I’ve lived in Taiwan for well over a decade now and for almost as long as I can remember, every time I’ve travelled south along the national highway, I’ve always enjoyed the view when crossing the Da’an River (大安溪), the area that geographically separates Miaoli from Taichung.
The reason for this is quite simple, the Miaoli side has a beautiful mountain that glistens in the sun whenever you pass by. When you consider most of Taiwan’s mountains are lush with greenery, this one stands out thanks to almost red-like soil on the mountain side.
Its fair to say that I’ve probably passed by the mountain on the highway a few hundred times throughout my years living here and even though in the back of my mind I always wondered about the mountain, by the time I arrived at my destination, I had already forgotten about it.
Over the past year though, the mountain, which I’ve since learned is aptly named “Fire Mountain” (火炎山), has become a bit of a hit with young people, especially those on Instagram who hike (most of the way) to the top to get a photo of themselves at a spot that has become known as “Taiwan’s Grand Canyon” (台灣大峽谷).
In retrospect my curiosity about the mountain should have led me to finding out about it much sooner, but sometimes my curiosity about mysterious places often leads me down really deep rabbit holes, so I’ve been trying to make an effort as of late to not let my curiosity take up so much of the little free time I have.
That being said, the proverbial cat is out of the bag when it comes to this mountain and its recent popularity meant that a visit was definitely in order as I rarely miss the chance to get those super popular instagram photos (Pardon the sarcasm)
Fire Mountain (火炎山)
Situated on the geographic barrier between Taiwan’s Miaoli County and Taichung County, “Fire Mountain” or “Flame Mountain” (火炎山) has become one of the new hot spots on the country’s day-hike scene and is highly regarded for its stunning landscapes.
Once a protected nature reserve and home to several endangered local bird species, the mountain was for quite some time restricted only to researchers and bird watchers with a permit. Now it has reopened to the public and thanks to the skill of some Instagrammers, its popularity has skyrocketed making it one of the busiest trails in central Taiwan, second of course only to Yuanzui Mountain.
Stunning landscapes and Instagram photos aside, as one of Taiwan’s Top 100 Mountains (小百岳), Fire Mountain has always been a popular one among crowds attempting to complete one of Taiwan’s hiking challenges. It is also a popular stop for local birdwatchers who visit the mountain every year between April and May to observe flocks of migratory birds arriving back in Taiwan from the Philippines.
Note: To avoid a bit of confusion I think I should explain: There are two lists of ‘100 Peaks’ in Taiwan. One is a list of 100 peaks that are over 3,000 meters above sea level, known as the “Bai Yue” (台灣百岳) while the other is a list of 100 Peaks that can be climbed relatively easily known as the “Mini Bai Yue” (小百岳), this mountain is on the list of smaller peaks.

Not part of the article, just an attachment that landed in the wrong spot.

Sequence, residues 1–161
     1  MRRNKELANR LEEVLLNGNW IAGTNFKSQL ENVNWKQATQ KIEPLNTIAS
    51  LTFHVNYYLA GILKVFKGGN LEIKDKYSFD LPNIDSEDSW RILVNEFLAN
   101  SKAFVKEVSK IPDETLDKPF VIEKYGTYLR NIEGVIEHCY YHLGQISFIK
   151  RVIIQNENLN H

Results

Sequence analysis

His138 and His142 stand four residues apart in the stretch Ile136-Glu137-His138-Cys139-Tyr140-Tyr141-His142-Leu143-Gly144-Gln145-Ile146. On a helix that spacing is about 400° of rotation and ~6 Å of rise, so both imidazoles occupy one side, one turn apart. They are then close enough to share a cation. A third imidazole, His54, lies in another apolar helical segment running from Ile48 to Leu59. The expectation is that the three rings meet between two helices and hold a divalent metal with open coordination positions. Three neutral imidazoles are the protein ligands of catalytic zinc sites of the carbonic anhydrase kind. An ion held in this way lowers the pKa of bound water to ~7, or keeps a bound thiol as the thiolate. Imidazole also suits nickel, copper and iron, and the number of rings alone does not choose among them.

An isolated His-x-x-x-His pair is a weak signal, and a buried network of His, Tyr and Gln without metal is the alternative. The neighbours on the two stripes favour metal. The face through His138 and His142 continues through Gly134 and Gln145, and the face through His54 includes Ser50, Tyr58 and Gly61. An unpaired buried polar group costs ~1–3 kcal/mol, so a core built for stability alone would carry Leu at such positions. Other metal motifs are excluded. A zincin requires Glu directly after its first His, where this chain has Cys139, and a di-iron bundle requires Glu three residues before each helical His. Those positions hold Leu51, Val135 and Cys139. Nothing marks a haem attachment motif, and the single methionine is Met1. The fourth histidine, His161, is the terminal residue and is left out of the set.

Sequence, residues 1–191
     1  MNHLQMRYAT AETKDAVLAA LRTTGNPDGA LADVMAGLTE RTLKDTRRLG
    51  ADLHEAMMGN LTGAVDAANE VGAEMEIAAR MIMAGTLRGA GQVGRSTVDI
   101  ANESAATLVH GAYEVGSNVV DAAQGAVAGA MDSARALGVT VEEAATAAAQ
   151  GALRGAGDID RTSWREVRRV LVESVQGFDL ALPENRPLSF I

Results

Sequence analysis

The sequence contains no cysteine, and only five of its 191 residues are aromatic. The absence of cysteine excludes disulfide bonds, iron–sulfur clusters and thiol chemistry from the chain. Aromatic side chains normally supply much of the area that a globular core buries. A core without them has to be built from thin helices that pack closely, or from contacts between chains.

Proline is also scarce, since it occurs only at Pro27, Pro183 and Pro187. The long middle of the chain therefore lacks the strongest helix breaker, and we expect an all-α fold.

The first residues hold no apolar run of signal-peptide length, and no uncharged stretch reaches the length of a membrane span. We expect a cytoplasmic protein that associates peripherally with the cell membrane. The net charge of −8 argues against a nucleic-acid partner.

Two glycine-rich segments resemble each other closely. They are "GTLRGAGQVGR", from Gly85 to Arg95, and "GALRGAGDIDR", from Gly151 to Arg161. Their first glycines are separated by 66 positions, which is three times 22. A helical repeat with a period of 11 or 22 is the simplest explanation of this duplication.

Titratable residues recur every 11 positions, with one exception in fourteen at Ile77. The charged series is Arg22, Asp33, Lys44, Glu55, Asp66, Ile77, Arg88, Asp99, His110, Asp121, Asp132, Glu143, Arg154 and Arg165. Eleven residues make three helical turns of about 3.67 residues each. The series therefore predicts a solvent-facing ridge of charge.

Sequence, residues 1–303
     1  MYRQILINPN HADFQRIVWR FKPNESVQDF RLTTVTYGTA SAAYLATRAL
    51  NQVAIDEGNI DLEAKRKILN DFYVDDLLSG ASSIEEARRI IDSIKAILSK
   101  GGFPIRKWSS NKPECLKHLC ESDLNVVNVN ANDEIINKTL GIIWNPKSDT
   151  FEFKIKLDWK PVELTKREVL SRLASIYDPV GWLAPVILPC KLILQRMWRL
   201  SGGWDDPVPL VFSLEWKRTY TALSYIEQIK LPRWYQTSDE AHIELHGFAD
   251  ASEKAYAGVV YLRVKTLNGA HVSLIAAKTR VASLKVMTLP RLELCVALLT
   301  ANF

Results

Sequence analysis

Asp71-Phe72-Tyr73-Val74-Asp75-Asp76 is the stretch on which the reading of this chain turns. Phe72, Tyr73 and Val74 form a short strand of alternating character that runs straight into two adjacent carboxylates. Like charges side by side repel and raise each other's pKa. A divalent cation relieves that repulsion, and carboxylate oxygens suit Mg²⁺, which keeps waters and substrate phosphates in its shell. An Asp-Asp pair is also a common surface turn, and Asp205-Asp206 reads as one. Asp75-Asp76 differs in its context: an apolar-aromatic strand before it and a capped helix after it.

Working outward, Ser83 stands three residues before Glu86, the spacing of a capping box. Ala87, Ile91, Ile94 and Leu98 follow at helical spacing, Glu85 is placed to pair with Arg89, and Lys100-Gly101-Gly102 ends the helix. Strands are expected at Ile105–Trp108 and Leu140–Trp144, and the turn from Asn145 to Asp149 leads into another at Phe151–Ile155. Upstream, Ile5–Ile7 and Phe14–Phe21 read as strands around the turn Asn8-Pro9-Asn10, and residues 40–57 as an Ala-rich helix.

Link: 台灣小百岳列表 (Wiki)
At its highest, Fire Mountain reaches an elevation of 614 meters on its Northern Peak (北峰) while its Main Peak (主峰) is 596 meters above sea level. Formed hundreds of thousand of years ago, the geological structure of the mountain is similar to that of many of Taiwan’s mountains in that it was created by the movement of tectonic plates.
From the outset, this mountain set itself apart (from the others) in its composition from the ground up thanks to the weak cohesion of sandstone and sedimentary rock that make it less stable. Speaking plainly, this instability simply means that the physical attributes of the mountain are in a constant state of change, so whenever there is a heavy rain, typhoon or earthquake, the mountain changes a bit.
This natural effect is also the reason why the mountain has become so attractive as its jagged peaks, cliffs, valleys and slopes have all been formed by natural degradation over time.
Unfortunately (as mentioned above) due to the fragility of the mountain, it had to be closed off to the public for several decades. In 1986 (民國75年) the government designated the mountain as the “Fire Mountain Nature Reserve” (火炎山自然保護區) in order to allow for the mountain to naturally repair itself to prevent the effects of erosion, and to also allow the native Masson’s Pine Tree (馬尾松) to replenish itself.
Now that the trail has reopened, it has become a popular weekend destination for hikers and day-trippers, so the local government has made an effort to improve the safety of the trail allowing for a much better hiker experience for all. If you do plan on hiking this one (and you should), its important to remember that it is still a protected nature reserve, so try to have as little impact as you can on the natural environment and as always remember to take your trash with you.